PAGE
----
The decision last week by the Baltimore Ravens to move their summer training camp from Westminster's McDaniel College to the team facility in Owings Mills came down to hearts and minds.
To thousands of football fans in the Baltimore area whose hearts belong to the football team, the Ravens were presented with an easy choice.
Since coming to Baltimore from Cleveland in 1996, the Ravens conducted training camp at McDaniel every summer until this past one, when the club remained at its Owings Mills base due to a late resolution to the lockout. It seemed logical that the Ravens would return in 2012, because you don't break with tradition.
But tradition isn't what it used to be, especially in sports, and the world is light-years removed from 1996.
The Ravens' brass used their heads when finalizing last week's decision to move training camp to their spacious and comfortable Owings Mills complex. Sad as it may be to Carroll and Westminster, the decision makes sense on many levels.
The Ravens won't have to deal with the hassle of uprooting much of the operation and relocating in Westminster. The club has everything it needs at Owings Mills, including an indoor facility that can be used during inevitable summer storms. The Ravens don't need to spend any extra time moving from Owings Mills to McDaniel.
Second, the training camp schedule has changed. The owners forced the lockout last spring on an NFL Players' Association that wasn't seeking any changes to the game. Given the opportunity to negotiate a new collective bargaining agreement, the players pushed for fewer practices and got their wish.
Under the new agreement, teams can only hold one practice per day during training camp. As a result, the two-a-day practice regimen at McDaniel was already history. It doesn't make sense for the Ravens to move to Westminster for four weeks, when the number of practices was cut in half.
And, for a team that is closing in on a fourth straight playoff appearance and yearns mightily for a return to the Super Bowl, players and coaches will be able to minimize distractions at Owings Mills. The preparation for that journey begins in earnest during the team's four-week training camp.
The Cleveland Browns moved to Baltimore in 1996 because the city and state promised to build the franchise a stadium, not because the Modell family possessed a love of this area and its citizenry.
That move proved one thing conclusively: The NFL is big business.
Actually, it's not big business — it's enormous business — and a Super Bowl-or-bust mentality seems to exist throughout the league. For the Ravens, that mentality is magnified even more in a city with a faltering Major League Baseball franchise and no NBA or NHL teams.
The Owings Mills facility, located in a wooded residential area with two-lane roads, is closed to the public. That setting affords the team the opportunity it needs to be fully focused in July and August toward the goal of playing in January and February.
The Ravens aren't exactly abandoning their fan base. In the middle of the 2011 Owings Mills camp, the team held an open practice before more than 20,000 fans at M&T Bank Stadium. The Ravens should build on this idea and hold three practices at the stadium in 2012, either on a Friday night or Saturday so that families can attend. That will give fans ample opportunity to see the Ravens.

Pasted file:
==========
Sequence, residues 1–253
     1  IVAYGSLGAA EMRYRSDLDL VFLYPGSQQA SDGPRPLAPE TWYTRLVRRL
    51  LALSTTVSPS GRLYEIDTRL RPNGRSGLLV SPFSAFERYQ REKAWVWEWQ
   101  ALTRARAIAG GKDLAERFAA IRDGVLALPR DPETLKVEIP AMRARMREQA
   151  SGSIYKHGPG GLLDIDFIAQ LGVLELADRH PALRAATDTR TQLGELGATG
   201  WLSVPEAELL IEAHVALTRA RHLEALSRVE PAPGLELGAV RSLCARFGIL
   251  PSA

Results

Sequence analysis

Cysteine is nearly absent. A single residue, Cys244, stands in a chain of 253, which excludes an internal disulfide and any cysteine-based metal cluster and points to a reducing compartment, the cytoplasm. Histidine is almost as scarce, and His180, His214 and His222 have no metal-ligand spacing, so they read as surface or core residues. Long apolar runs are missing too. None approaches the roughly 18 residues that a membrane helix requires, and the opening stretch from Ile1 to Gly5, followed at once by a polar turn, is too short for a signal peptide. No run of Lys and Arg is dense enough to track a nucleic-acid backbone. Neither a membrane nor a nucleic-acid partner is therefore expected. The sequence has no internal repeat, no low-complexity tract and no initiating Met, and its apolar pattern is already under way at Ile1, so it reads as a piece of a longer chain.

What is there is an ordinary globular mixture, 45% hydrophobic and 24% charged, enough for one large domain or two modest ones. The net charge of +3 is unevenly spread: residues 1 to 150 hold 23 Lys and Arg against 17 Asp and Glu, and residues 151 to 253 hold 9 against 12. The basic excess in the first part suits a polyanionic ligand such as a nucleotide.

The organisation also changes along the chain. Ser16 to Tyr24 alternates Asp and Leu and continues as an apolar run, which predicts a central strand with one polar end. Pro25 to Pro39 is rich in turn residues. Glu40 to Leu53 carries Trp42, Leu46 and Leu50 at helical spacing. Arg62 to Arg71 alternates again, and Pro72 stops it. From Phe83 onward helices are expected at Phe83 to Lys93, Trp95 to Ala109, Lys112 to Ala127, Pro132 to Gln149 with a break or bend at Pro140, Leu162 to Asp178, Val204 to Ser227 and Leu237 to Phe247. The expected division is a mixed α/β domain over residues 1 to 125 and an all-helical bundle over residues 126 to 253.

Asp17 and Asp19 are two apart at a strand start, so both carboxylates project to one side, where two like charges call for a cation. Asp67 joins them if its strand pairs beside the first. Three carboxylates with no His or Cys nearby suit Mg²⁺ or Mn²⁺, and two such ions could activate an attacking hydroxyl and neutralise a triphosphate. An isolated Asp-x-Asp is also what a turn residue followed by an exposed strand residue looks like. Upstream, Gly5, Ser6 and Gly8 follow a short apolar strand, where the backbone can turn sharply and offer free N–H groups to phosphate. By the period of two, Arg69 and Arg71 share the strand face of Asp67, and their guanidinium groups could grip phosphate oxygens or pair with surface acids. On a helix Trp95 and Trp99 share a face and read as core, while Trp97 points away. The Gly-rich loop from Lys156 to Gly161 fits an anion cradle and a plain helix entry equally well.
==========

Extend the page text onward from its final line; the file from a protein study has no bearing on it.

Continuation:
While we're on the subject, the Ravens shouldn't invite sponsors, politicians and corporate leaders to the Owings Mills practice facility. If the general public isn't allowed to watch the Ravens during training camp, they shouldn't be able to see the team either.
Let them come to the open M&T practices, like everyone else.
While the Ravens' decision to train in Owings Mills affects many football fans from around central Maryland, the effects of the move will directly hit the Westminster community. Thousands of fans attended the McDaniel camp on an annual basis, giving the college a major publicity boost not only in this area, but across the nation.
Many of the training camp visitors patronized Westminster-area businesses while they were here. When the team trained at its home base last summer, the county lost an estimated $2 million in revenue. The financial hit will probably be the same or even greater in future years.
The financial windfall generated by the Ravens' training camp was somewhat easy money. The doors to training camp opened, and the cash flowed to bars, restaurants, sports stores and other area establishments.
To replace the lost revenue, our elected officials and the county's economic development arm need to redouble efforts to recruit and attract permanent, taxpaying businesses — and the employment opportunities that come with those firms — to the county.
Employees of those new businesses will patronize bars and restaurants, too, and will represent real and sustainable economic growth, not the temporary enrichment that a month-long training camp brought to the county.
There's no doubt that losing the Ravens' training camp was a blow to Westminster and Carroll County.
But the Ravens didn't suddenly pick up and move a thousand miles away, as happened with the once-beloved Baltimore Colts in 1984. This area was fortunate to get another pro football team, and lucky to get one that currently has strong ownership, one of the game's top front offices and players and a coaching staff that are always prepared and annually in the hunt for an NFL championship.
Even if they are not at McDaniel every summer, the Ravens will still belong to Baltimore — and to Carroll County — for a very long time, and that should be enough.
Steve Jones write from Sykesville.
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